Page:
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What Is Thermal Throttling?

When used normally, computers generate some heat, but when under a tremendous strain, they generate a lot more. The consequence of this is a performance decline known as thermal throttling. So what precisely is “throttling,” and how can you prevent it?

What is Thermal Throttling?

Your GPU produces a lot of heat when it handles a demanding activity, like gaming. Your graphics card starts to reduce performance to disperse heat when your cooling system can no longer do it quickly enough to keep temperatures within a safe range. Until temperatures fall to a safe working range, your framerates and the core and memory frequencies start to decrease. This feature is present in all current GPUs in order to safeguard the electronic parts from harm. Thermal throttling, if left unchecked, can significantly affect performance. Additionally, while thermal throttling by itself doesn’t harm anything, the heat that causes it can harm your video card and reduce its lifespan.

Thermal Throttling Protects Hardware

Heat is produced by computer parts like the CPU, GPU, and even memory modules. They can become overheated since they emit a lot more heat while under a heavy load. These components could be permanently damaged if exposed to high temperatures for an extended period of time.

Performance is restricted after a component reaches a certain temperature in order to reduce heat buildup and promote cooling. Only if the cooling system can maintain the components’ safe operating temperature will they be able to operate as safely as possible.

In this context, “throttling” refers to “ditching performance” by reducing clock speeds. The performance of your GPU or CPU will suffer as a result of slower operation. On the desktop, you could notice that the user interface (UI) is a little slower, and GPU heat throttling will lower gaming frame rates. Crashing, distorted images on the screen, and abrupt restarts are some of the more severe overheating symptoms.

How to Prevent Throttling

Controlling heat is necessary to preserve performance, but not all graphics cards are subject to throttling to the same extent or even at all. The effects of thermal throttling on your system depend on a range of circumstances. The three most important aspects to think about are case selection, cooling method, and airflow.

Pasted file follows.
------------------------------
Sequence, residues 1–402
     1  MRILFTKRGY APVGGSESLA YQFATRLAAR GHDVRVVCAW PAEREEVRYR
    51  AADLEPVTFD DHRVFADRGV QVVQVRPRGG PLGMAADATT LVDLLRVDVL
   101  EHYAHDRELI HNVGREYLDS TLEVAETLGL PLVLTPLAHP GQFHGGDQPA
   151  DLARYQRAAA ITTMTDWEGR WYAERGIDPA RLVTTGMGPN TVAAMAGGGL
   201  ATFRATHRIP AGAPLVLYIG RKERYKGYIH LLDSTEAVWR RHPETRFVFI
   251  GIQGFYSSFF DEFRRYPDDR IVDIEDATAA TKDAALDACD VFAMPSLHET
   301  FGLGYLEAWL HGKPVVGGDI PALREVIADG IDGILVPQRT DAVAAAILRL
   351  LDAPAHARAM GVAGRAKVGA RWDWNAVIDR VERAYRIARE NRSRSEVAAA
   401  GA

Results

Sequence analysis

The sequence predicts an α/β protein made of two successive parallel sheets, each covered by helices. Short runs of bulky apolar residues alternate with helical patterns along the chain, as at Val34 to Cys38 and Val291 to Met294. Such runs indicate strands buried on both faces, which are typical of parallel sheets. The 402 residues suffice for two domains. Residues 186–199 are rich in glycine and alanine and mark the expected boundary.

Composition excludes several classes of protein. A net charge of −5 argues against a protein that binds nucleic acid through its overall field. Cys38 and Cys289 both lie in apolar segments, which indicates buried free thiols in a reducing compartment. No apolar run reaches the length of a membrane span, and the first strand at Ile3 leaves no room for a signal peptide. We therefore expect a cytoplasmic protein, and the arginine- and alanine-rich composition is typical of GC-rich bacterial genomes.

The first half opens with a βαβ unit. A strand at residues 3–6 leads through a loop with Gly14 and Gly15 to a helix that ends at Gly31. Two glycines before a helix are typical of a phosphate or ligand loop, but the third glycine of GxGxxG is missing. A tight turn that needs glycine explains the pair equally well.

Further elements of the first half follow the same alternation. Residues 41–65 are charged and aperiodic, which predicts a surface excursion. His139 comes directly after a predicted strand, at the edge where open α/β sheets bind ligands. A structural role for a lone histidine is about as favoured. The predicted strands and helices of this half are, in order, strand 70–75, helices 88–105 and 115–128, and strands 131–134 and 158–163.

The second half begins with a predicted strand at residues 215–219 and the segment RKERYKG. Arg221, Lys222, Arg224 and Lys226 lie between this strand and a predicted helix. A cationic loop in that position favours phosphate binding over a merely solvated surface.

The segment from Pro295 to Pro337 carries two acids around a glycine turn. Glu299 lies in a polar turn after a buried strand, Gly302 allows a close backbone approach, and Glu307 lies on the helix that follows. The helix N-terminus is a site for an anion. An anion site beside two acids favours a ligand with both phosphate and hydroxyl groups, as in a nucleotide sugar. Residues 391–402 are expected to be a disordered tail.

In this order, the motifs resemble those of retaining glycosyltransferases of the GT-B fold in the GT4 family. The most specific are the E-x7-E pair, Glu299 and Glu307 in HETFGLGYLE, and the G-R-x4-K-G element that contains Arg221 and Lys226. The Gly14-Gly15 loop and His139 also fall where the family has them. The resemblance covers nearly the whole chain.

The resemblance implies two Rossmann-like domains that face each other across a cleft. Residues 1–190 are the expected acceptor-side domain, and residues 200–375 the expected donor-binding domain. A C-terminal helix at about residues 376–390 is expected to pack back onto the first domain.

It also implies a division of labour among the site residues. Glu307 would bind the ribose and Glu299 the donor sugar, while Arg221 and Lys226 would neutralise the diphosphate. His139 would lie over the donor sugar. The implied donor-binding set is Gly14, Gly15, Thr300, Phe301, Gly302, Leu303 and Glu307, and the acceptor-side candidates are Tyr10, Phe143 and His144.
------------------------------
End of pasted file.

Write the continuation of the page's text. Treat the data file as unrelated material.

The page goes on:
It is more difficult to keep your GPU cool when your case is compact and lacks open space, which traps heat and prevents airflow. A larger, well-designed chassis might offer more fan mounts and airflow optimization choices. If your GPU manufacturer employed a bespoke cooling solution that conducts heat into your case rather than immediately eliminating it, as with reference designs, being able to attach additional fans in your case is extremely advantageous.

Heat produced by your GPU is effectively removed from the case by adding more fans to the top of your case. Additionally, it reduces the air temperature within your case, which keeps other parts, like your CPU and RAM, significantly cooler.

The brand of graphics card you select may be a matter of personal opinion, but the cooling system it employs must be carefully considered. A single blower-type fan is often used in reference designs to cool the card. The graphics card’s back is drawn in, and cool air is vented out of the end with the connectors. Although this design is effective, performance is limited by the single fan.

It’s frequently best to choose a graphics card with a multi-fan cooling solution. Throttling is considerably reduced or even completely eliminated thanks to the additional fans—sometimes as many as three. It should be noted that since these graphics cards’ cooling do not directly remove heat from the case, your case must have adequate airflow to manage the hot air they produce.